14 06 2013

Devised by Elizabeth de Roza and Shelly Quick of Theatre Strays
Participatory Performance and Installation
17 June 2013, Monday, 19:00

Paper Boat in Berlin, June 2013 © Ruthe Zuntz

Paper Boat in Berlin, June 2013 © Ruthe Zuntz

For the closing of the Intimate Moments at the PLATOON KUNSTHALLE, the audiences will have the chance to set sail in a participatory performance and installation, Paper Boat.

Paper Boat is an attempt to create theatre in which true human connection can transpire. It is a journey of collective excavation, an invitation to listen and be listened to. Inspired by the childhood game of making paper boats and floating them down canals and drains, both artist and audience will anonymously make and write “confessions” on paper boats, sharing their hopes, dreams, desires, shames and secrets. Each person’s ‘confession’/’gift’ will transform into a part of the performance and physical space.

Earlier versions of Paper Boat took place in communities within Myanmar, Singapore and Brazil. It demonstrated the transformative power of performance.


Intimate Moments: Flooding in the Time of Drought@AEDES

12 06 2013

A Film by Sherman Ong
Closing Programme of the Asia-Pacific Weeks 2013
In partnership with AEDES East NPO and Asian Hot Shots
14 June 2013, Friday, 18:00-22:30
ANCB The Metropolitan Laboratory, Christinenstr, 18-19 (Pfefferberg) 10119 Berlin

Malaysia, Singapore | 2009 | 184 min | Hindi, Indonesian, Italian, Tagalog, Mandarin, German Japanese, Korean, Thai, Malay, Hokkien | English subtitles | HD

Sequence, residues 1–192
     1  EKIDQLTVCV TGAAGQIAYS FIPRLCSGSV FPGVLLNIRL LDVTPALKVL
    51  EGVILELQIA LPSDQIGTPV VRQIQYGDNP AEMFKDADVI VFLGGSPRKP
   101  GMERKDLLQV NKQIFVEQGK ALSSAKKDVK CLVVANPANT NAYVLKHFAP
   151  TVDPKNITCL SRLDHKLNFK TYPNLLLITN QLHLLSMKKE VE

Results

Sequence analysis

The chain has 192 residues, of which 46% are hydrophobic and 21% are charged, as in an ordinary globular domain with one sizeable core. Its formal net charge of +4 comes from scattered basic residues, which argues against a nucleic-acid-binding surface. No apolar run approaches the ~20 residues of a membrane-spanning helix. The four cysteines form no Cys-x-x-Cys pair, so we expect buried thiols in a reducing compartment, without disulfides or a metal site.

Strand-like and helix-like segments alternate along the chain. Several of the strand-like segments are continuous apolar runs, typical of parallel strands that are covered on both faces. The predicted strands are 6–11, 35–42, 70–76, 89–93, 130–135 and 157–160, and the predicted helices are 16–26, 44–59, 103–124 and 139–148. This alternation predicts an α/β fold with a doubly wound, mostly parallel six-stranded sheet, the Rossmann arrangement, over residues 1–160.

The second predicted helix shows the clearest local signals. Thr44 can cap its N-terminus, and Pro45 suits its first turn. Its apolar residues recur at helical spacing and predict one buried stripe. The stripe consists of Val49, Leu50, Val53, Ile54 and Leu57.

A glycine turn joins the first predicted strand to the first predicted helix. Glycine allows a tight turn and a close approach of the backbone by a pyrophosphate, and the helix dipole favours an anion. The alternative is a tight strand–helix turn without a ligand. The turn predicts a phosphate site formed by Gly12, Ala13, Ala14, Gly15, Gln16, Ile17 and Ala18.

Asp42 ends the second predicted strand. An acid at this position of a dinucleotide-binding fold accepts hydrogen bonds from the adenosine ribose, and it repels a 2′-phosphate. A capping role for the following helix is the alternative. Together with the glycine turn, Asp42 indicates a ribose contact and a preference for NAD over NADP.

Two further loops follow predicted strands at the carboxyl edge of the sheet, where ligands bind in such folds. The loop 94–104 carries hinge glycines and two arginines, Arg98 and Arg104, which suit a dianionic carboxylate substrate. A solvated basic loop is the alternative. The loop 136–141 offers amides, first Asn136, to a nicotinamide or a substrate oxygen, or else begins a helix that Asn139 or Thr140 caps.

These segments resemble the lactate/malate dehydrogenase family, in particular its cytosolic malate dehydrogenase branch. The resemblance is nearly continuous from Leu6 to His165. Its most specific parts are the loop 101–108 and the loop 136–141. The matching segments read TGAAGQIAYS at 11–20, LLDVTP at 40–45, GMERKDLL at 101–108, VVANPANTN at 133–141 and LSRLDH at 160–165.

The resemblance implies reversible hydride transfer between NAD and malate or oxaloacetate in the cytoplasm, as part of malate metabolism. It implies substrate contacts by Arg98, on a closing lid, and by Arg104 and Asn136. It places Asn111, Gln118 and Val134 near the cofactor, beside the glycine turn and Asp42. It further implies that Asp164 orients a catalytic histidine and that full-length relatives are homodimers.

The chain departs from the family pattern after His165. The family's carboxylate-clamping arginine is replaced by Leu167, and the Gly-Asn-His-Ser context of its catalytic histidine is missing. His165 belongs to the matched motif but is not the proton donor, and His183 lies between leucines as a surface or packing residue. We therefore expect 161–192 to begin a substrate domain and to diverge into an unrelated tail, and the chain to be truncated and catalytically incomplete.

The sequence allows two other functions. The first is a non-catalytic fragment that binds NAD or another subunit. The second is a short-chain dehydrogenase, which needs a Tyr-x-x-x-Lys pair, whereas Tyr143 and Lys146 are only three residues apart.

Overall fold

What if Singapore’s water supply suddenly runs dry?

This docu-narrative fusion depicts the lives of foreign immigrants as they face an impending water crisis. Amidst this drought, a cast of non-professional actors grapple with their foibles, fantasies, and broken romances. Touching on issues as diverse as ethnic discrimination, ritual beliefs, World War II, and racial tensions in post-’97 riots Indonesia, the film explores how ingrained problems are transported along with migrant communities.

“A full-length feature with many documentary elements follows eight immigrant couples in Singapore who play scenes from their lives, often shot in their small dwellings. These immigrants are the basis of Singapore’s success, but get the hardest knocks when things go wrong. A film with an unusual length and an unusual form. It’s twice as long as a normal feature and made in two parts. It’s not a documentary, but has many elements of one. The film follows eight couples of immigrants in today’s Singapore. In this way, a lot is made clear about the political and social situation of Singapore, of which the flourishing economy is largely dependent on guest workers. Instead of interviewing the immigrants, the film maker has them play scenes from their own lives. A fiction film, but much more realistic than usual. Another fictional element in the film is the introduction of a water crisis in Singapore. It’s the immigrants who have most problems with this. For a large part, the film is set in the small dwellings where the various immigrant couples live. And also in other regards, the film maker works down to the square centimetre.” – Gertjan Zulhoif, Rotterdam